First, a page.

Unfortunately, this show’s emotional intelligence makes it feel like it was written by DZs. I’m charmed by the wannabe writer Mayuka and the stereotype-defying Videaux (a tough, sensitive policeman-turned-assassin who abhors revenge, makes us laugh with his sassy quips, and tenderly cares for his young daughter), but nearly all other characters are flat and unmemorable. It says a lot that I cared more about the fate of the AI car than about any of the actual human characters. Derrida’s emotional reactions are phoned-in, furiously screaming all his lines with eye-rolling over-the-top intensity (this is both a fault of the subpar dialogue writing and of Adam Gibb’s lackluster performance). Chuck Hüber and Colleen Clinkenbeard are likable as Cassiel and Donna respectively, but the rest of the dub cast is simply mediocre. The writing is hokey and doesn’t further the characters’ development. Their animated movements are jerky (when they move at all), and their faces don’t betray much emotion either—fear and grief often become constipation.
Especially in early episodes, plot elements are unrealistic, exposition-fueled, and difficult to take seriously. Crucial concepts are underexplained—I’m still not quite sure why Derrida gave Mage the patch file. For no reason at all, Donna changes hair color from the first to second time she’s introduced, making me doubt if she was even the same person. At the start of one episode, we see a brief segment of Derrida and Videaux getting mug shots that are never brought back or followed up on. We also never get clarification on why the show stresses so heavily that Mage and Yuri are essentially the same people. Yuri spends a truly exhausting amount of time doubting Derrida’s identity, and Derrida’s sudden and intense need to murder Andrei makes him seem possessed rather than emotional.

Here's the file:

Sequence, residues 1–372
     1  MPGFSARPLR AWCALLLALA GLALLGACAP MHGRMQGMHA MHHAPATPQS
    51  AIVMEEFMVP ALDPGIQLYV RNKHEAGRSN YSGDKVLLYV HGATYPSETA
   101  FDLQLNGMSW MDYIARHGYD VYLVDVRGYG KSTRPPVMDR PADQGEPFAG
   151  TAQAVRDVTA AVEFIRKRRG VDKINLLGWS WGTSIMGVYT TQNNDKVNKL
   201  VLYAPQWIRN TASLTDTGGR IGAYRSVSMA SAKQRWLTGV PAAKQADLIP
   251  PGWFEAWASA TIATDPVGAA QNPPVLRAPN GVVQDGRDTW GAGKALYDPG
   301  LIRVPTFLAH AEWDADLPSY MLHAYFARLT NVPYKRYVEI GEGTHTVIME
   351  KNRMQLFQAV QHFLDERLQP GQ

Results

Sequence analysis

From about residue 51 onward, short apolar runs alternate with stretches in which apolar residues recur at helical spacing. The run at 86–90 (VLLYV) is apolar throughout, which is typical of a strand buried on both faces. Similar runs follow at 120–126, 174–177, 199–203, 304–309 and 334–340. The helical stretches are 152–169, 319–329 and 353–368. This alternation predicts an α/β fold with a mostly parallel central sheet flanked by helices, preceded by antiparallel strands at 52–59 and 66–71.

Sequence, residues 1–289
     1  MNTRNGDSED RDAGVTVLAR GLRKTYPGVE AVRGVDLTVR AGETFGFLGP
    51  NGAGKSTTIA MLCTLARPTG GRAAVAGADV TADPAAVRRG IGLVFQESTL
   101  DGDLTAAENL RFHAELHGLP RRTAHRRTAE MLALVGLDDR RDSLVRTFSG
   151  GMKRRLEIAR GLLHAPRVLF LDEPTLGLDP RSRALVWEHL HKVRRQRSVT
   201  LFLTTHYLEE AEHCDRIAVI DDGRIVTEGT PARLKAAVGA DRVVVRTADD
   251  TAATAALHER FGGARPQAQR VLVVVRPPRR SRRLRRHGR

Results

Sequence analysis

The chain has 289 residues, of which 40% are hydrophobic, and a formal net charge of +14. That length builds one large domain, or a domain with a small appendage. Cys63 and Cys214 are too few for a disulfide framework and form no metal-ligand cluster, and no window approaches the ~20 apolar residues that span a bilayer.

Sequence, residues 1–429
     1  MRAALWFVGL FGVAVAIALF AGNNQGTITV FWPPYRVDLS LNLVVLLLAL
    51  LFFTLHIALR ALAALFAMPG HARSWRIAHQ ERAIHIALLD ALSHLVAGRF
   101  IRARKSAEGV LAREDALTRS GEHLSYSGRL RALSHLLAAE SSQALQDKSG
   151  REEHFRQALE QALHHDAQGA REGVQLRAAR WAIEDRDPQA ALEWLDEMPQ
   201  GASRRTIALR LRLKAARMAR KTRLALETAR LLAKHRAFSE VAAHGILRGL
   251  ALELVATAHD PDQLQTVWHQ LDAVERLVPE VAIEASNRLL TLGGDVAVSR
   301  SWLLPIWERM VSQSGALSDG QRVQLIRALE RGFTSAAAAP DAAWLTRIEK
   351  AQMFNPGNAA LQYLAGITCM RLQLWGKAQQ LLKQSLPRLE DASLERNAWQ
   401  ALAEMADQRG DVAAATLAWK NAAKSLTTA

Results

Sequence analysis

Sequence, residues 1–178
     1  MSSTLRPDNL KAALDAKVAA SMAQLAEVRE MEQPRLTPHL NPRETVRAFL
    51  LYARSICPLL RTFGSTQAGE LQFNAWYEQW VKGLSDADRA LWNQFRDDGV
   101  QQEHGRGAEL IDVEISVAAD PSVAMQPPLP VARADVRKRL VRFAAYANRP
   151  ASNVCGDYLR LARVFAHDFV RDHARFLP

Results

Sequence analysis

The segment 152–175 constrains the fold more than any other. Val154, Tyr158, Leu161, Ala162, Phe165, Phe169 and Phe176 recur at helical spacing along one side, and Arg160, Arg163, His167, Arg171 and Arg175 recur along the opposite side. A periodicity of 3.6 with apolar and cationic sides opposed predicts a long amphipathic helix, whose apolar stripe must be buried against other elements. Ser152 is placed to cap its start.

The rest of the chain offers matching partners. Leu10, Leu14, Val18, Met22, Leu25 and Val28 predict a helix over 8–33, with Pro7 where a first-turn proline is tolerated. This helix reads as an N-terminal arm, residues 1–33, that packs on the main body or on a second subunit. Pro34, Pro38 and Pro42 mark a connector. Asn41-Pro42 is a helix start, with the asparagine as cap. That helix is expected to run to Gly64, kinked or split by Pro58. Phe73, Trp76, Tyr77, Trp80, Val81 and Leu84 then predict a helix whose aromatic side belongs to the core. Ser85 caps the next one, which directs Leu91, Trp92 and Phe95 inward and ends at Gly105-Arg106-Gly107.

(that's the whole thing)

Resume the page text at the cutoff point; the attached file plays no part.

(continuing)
Characters’ thought processes can be frustratingly nonsensical, such as when Derrida believes that Yuri must be holding a camera rather than a gun just because she liked taking pictures ten years ago, or when Derrida deduces that Nathan’s password is “happybirthday” because he last signed in on the day of Mage’s party. It’s unclear what, exactly, Derrida and Jacques’s relationship was, and Cassiel—one of the story’s most important figures—appears out of nowhere mid-series with no explanation, as if we should have known who he was all along. The war going on—a crucial piece of the show’s plot—is simply called “the war,” without any more elaboration of how or why it’s being fought.
Speaking of repetitive, RErideD clearly doesn’t trust its own ability to create a compelling antagonist, because it features a whopping four of them. Derrida must contend with the Donald Trump-like CEO Andrei, the annoyingly incompetent assassin Donna, some nameless guys trying to bomb them for who knows what reason, and the flamboyant government official Schmidt. Why does this show need all these different villains? The simple answer is that it doesn’t.
It’s impossible to overstate how confusing this show is, and how many key plot events just don’t make sense. And instead of spending time on the fascinating themes, most of the airtime is just spent on shoot-em-ups with no stakes. The supposedly deadly DZs and Donna never hurt anyone, and Derrida—a nerdy scientist who has presumably never shot a gun before—always hits his target.
Episode twelve is a shockingly large improvement on what comes before it—the climax is heartfelt and satisfying, expanding on the main themes and answering most of my important questions. But after five and half hours of bafflingly incoherent writing, this stellar finale may be too little too late.
If I were to time ride back to the first moment I watched this show, I would recall confusion, frustration, and occasional delight. If you have the patience to sit through all twelve episodes, the ending is certainly rewarding. But, as the past Derrida left behind, RErideD could use a whole lot of editing.